In the past weeks I’ve written thousands of words about estimating runs allowed for pitchers. I’ve probably written more than was necessary on the subject, and it really has been a more taxing experience than I originally expected. After last week’s piece on relievers, I had just about run out of ideas for testing future runs with the approach that I was using. Instead of letting go of the subject for some period of time, I reached out for suggestions as to what else I could test in the future.
Some of the most sophisticated minds involved with sabermetrics, Colin Wyers and Brian Cartwright, both gave me good ideas.
Colin suggested that instead of trying to re-weight fielding independent pitching (FIP), which has been my primary concern for a few weeks, I should try to estimate future strikeouts, walks and home runs (the FIP components), instead of runs.
Brian suggested that instead of using walks and strikeouts to re-weight FIP, I should try to use contact and control to create an estimator.
Both were great suggestions that I plan on getting to in the coming weeks; however, their suggestions, brought about one final (hopefully) idea for me and testing my statistic, predictive FIP (pFIP).
The True Talent Idea
Expected Fielding Independent Pitching (xFIP) is a version of FIP that does not use the number of home runs that a pitcher actually gave up, but instead uses the number of home runs that they were expected to give up (or should have). The idea of xFIP lead me to the idea of an expected predictive FIP or (x pFIP).
My idea for a regressed version of pFIP went beyond that of home runs, but I wanted to include walks and home runs, as well.
The majority of the methodology behind this regressed statistic comes from applying the idea of xFIP with the ideas championed by Russell Carlton, Derek Carty and Harry Pavlidis. Their work dealt with the idea of “stabilization” and true talent level.
Their work in simple terms showed that after a certain number of plate appearances a statistic will reach a required correlation coefficient (r). For example, given an r of 0.50, we can consider half (50 percent) of that number to be their skill level and regress the other half back to the league average of that statistic.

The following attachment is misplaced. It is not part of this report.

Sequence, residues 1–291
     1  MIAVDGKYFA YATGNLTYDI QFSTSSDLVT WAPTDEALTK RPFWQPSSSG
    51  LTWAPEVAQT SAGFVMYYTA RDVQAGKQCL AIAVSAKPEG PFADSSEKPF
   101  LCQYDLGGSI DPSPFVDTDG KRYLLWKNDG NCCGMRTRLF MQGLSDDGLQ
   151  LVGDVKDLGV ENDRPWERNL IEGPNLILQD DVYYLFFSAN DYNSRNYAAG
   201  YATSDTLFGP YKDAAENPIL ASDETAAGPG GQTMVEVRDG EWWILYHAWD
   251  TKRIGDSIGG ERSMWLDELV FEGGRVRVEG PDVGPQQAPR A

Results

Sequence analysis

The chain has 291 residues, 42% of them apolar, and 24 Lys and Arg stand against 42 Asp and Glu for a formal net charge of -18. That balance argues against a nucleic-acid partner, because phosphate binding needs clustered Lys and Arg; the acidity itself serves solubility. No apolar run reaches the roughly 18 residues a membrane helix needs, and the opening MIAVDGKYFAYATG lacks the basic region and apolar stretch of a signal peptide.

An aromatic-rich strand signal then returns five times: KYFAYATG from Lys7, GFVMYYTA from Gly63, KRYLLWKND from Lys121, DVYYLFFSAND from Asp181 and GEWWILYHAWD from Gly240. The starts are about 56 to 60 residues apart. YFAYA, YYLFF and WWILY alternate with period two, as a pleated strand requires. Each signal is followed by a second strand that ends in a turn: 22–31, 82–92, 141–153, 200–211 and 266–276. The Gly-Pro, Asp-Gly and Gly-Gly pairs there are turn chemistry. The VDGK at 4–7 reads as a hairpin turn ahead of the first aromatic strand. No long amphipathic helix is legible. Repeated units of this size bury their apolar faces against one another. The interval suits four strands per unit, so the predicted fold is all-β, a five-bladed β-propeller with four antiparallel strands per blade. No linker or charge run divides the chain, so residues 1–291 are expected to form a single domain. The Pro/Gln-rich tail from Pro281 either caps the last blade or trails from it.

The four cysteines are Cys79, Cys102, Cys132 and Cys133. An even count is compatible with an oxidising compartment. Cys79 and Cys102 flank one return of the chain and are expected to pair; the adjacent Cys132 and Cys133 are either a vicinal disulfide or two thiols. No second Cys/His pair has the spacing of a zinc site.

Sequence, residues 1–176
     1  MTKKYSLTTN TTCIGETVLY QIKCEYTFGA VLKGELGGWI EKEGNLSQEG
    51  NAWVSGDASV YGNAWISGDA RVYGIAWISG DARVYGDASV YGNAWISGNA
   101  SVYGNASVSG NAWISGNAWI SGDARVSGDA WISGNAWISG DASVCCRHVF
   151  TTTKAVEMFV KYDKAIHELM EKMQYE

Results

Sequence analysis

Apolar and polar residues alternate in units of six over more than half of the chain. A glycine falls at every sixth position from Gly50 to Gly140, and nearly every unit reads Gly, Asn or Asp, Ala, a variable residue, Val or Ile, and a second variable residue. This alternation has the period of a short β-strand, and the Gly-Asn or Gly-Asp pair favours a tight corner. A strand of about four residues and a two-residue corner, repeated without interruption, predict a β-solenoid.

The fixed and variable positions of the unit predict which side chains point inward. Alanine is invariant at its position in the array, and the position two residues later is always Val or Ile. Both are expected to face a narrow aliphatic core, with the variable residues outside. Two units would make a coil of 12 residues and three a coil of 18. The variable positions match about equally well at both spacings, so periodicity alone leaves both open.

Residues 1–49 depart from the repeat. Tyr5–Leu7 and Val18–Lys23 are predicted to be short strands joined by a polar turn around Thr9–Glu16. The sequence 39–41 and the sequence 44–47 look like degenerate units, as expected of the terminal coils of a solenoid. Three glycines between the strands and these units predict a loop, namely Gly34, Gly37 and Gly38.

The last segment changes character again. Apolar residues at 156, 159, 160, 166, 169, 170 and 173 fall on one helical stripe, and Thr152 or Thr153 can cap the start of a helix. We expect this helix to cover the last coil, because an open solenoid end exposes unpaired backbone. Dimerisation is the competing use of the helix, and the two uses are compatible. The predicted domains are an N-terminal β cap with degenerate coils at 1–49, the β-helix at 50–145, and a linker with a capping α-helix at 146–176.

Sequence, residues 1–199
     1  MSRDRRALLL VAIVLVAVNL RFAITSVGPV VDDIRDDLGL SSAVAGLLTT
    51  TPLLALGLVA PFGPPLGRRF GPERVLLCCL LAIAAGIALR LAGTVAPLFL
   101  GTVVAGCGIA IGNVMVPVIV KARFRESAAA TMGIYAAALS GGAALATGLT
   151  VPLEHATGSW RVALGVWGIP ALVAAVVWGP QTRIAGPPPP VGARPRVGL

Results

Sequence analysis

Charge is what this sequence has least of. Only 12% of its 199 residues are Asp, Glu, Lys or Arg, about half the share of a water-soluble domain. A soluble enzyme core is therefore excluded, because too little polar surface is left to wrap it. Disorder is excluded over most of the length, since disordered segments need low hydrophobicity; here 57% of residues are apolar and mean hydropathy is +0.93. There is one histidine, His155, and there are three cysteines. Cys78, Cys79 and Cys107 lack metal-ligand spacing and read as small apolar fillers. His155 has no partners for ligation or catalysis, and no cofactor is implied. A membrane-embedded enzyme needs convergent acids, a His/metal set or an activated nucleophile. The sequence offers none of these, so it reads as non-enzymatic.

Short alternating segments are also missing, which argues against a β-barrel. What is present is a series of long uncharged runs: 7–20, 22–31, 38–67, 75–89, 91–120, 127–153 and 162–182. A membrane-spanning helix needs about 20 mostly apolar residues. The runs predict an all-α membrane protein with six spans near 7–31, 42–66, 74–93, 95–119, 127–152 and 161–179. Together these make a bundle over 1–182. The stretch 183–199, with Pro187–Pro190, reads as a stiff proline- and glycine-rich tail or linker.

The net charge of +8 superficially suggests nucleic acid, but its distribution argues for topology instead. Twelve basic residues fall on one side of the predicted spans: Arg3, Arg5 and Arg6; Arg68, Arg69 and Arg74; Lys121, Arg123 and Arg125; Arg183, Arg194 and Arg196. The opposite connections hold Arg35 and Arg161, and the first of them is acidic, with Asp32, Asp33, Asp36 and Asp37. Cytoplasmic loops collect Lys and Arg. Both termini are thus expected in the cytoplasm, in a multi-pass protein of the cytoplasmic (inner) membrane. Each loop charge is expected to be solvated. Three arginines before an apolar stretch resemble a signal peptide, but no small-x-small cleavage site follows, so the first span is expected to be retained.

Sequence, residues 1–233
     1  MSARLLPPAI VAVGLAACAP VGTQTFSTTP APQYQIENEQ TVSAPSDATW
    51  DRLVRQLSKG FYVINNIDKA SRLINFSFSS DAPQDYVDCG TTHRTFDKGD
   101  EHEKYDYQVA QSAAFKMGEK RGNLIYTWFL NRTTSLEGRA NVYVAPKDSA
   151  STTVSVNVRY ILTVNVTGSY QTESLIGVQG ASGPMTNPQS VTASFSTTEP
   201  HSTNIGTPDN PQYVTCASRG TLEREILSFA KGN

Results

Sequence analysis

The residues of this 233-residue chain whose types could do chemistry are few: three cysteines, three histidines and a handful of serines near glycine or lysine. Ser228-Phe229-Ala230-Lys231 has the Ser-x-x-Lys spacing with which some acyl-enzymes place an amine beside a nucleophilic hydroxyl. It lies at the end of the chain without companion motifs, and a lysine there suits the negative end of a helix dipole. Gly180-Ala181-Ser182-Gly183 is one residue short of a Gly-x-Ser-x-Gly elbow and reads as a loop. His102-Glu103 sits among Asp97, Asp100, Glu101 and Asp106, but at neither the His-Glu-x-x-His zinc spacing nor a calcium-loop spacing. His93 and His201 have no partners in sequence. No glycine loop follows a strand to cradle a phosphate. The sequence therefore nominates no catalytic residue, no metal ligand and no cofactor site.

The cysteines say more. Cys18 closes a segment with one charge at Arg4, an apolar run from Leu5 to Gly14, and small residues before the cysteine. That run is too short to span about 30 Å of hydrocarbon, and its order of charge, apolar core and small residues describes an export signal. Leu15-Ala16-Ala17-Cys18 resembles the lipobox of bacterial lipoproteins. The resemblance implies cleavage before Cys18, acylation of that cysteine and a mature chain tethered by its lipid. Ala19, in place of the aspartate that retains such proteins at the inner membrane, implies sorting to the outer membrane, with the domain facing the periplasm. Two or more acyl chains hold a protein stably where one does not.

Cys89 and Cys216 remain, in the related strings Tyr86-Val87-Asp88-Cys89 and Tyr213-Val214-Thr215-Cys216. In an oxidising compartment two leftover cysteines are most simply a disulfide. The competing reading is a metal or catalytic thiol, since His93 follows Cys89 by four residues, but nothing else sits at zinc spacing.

Basically, I’m trying to apply the idea of regression to the mean, to each statistic (K,BB,HR) adequately, to get a better prediction model.
The concept resulted in the use of expected strikeouts, expected walks and expected home runs as the three components of a “x pFIP“.
Predictive FIP is metric created to predict runs starting pitchers; thus, for this test, I only looked at starting pitchers.
I took a sample of starters from 2004-2012 (n=731) who had at least 100 innings pitched in Year X and at least 100 innings in Year X+1. I then regressed their strikeout percentage (K/PA), walk percentage (BB/PA) and home run percentage (HR/PA) in Year X against those percentages in Year X+1, to find r’s for each statistic.
I used HR/PA instead of home run per fly ball, because I tend to stay away from using batted ball data due to the biases in that information.
Here are the correlation coefficients I found:
I used these numbers to create an xK%, xBB% and xHR% to use for pFIP. For example, when finding xK% I took strikeouts’ r (.77) and multiplied that number by the starter’s strikeout percentage, and added that number to the league average K% for starters in that year multiplied by .23.
I ran a multiple regression with these numbers against the starter’s next season runs allowed (RA9), and found this statistic for x pFIP:
x pFIP = (50*xHR) + (10*x(BB-IBB+HBP))- (11*xK)/PA + Constant
I tested this number against my original pFIP equation, which used the raw numbers, and used r-squared (r^2) as my measure of choice. These r-squareds tell us the percentage of variation in runs allowed in Year X+1 explained by the estimator in Year X:
The regressed version of pFIP was more predictive than my original raw statistic; however, the difference in r-squared is less than 0.4 percent, which is within the margin of error.